Think Young People Don't Care About Politics? Show Them These 3 Charts

Think Young People Don't Care About Politics? Show Them These 3 Charts
Source: Getty Images
Source: Getty Images

Here's another nail in the coffin for the myth that young people's minds have been warped beyond recognition by social media and selfies.

A report conducted by ShareThis, the company behind a popular content-sharing widget, indicates that Millennials are an inordinately politically conscious generation when it comes to what we share on the Web.

ShareThis released the research Tuesday morning in a report that draws data from over 450 million unique visitors across the 2.5 million websites and apps for which it powers sharing. It has some fascinating findings on the behavior of young people online, particularly when it comes to politics and the upcoming midterm elections.

Millennials are 2.4 times more likely than the general sharing population to share political stories online and 2.1 times more likely than the general sharing population to share content about the midterms:

Source: ShareThis

Less surprising are ShareThis' findings on the topics Millennials focus on more than the average sharing population — mainly climate change, student loans and net neutrality:

Source: ShareThis

Another interesting insight from ShareThis' dataset is the manner in which Millennials grapple with important political events. Within 24 hours of an announcement by President Obama about the Islamic State, 10% of shares on the subject came from users ages 18 to 25, which is twice as much as the typical activity coming from that age group. That swell of attention dissipates as you look at older groups. 

On the other hand, after one to two weeks, young people are disproportionately less likely to be sharing about such an event than their elders. The takeaway here is that younger people are quicker to respond to current events and quicker to turn their attention elsewhere:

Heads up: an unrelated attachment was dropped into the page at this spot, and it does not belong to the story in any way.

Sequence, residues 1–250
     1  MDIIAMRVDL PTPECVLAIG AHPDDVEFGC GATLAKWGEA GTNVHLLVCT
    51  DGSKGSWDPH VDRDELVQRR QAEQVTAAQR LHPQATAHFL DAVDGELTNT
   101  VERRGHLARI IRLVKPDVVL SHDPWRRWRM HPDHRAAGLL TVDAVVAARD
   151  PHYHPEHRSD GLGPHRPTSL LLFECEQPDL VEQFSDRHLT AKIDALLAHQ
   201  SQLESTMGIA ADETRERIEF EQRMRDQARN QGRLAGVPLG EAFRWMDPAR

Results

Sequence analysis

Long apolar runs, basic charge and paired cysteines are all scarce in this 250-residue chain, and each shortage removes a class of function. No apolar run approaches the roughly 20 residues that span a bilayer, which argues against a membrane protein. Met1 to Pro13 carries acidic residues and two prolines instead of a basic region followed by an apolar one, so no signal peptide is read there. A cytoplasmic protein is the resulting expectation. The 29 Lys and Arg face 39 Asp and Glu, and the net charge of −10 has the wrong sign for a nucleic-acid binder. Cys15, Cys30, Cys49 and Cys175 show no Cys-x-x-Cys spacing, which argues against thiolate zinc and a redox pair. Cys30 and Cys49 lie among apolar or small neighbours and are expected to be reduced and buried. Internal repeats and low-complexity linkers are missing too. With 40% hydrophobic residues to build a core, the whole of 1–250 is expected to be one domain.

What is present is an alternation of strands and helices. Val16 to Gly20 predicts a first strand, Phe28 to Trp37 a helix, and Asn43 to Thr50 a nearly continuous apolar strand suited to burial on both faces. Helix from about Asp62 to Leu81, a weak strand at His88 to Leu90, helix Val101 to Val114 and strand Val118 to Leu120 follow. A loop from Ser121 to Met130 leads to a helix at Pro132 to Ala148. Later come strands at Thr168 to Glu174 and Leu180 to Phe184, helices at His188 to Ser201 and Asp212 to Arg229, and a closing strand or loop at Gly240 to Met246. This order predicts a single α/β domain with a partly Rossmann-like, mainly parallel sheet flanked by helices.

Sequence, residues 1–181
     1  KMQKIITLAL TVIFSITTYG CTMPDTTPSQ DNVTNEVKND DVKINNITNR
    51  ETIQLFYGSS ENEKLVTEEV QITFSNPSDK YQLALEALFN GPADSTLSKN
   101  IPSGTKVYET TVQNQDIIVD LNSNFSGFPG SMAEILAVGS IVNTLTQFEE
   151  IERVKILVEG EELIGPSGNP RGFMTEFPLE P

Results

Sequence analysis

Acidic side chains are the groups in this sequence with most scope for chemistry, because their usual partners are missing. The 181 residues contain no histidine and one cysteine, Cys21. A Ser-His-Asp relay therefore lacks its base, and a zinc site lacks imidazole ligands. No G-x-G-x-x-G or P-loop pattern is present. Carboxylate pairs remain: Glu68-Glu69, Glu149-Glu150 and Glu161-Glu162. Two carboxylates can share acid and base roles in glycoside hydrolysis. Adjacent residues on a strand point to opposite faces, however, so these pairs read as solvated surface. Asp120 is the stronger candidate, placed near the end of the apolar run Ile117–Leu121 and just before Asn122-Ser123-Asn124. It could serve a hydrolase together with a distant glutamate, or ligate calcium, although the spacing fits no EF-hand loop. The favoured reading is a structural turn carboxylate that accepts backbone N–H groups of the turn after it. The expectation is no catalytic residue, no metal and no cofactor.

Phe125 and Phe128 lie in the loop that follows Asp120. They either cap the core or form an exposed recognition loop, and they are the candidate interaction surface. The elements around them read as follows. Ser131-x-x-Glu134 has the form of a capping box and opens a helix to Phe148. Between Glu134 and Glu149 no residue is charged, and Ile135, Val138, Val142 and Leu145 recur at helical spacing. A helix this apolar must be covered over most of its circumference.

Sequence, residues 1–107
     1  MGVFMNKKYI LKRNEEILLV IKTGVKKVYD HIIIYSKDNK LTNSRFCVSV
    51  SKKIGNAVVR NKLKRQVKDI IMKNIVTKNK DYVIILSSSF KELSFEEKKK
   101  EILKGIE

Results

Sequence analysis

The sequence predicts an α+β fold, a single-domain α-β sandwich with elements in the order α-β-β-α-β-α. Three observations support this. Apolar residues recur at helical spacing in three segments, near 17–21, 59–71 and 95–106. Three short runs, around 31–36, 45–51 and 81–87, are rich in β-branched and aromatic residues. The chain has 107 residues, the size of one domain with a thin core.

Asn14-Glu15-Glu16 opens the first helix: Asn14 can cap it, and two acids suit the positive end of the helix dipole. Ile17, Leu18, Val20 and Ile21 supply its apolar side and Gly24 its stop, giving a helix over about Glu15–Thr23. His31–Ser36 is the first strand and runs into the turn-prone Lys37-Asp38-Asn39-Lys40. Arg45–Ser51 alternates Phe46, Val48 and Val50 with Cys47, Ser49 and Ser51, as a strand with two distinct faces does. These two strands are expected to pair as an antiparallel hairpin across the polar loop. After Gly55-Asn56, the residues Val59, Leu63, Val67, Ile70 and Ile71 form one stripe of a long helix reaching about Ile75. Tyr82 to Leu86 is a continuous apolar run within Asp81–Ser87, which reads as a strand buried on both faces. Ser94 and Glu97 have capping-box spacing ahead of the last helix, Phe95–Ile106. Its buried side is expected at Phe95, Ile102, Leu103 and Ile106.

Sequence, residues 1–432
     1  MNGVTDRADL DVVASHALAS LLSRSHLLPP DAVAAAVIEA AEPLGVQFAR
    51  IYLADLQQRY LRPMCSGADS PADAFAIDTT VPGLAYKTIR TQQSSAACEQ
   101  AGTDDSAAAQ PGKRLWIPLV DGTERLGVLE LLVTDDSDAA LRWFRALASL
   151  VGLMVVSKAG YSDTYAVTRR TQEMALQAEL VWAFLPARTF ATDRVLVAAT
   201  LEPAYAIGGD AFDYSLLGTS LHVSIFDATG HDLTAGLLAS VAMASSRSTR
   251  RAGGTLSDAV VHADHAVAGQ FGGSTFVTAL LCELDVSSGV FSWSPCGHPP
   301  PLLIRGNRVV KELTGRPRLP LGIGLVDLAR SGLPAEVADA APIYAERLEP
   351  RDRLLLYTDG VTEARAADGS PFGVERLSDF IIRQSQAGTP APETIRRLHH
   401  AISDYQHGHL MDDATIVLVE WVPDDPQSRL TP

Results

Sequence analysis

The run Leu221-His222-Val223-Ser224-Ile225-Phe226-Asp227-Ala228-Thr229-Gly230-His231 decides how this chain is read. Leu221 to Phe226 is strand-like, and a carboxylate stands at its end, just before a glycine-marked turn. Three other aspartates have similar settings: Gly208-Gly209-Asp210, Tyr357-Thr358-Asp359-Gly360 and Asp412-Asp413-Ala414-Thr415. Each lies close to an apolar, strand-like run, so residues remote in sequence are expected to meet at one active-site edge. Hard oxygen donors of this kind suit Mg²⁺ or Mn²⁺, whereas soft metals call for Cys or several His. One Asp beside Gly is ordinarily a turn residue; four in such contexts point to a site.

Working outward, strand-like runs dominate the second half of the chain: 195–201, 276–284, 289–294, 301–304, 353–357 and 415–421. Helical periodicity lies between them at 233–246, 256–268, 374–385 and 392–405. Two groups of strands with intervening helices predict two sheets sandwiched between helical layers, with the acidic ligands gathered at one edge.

Source: ShareThis

Share for change? ShareThis' report can't be used to come to sweeping conclusions, since we can't control for the selection bias that may underlie the network of websites and apps within its network. But the behavioral patterns that emerge from its massive dataset do jell with a good bit of what we know about young people.

Polling indicates that Millennials are passionate about changing society and value citizenship, and Mic has covered how young people's disillusionment with electoral politics these days is not the product of apathy, but cynicism born of frustration with unresponsive institutions. Let's just hope that young people's penchant for talking about politics online doesn't end up creating the illusion that a share is as influential as getting away from the screen and actually doing something.

How much do you trust the information in this article?

Zeeshan Aleem

Zeeshan is a senior staff writer at Mic, covering public policy and national politics. He is based in New York and can be reached at zeeshan@mic.com.

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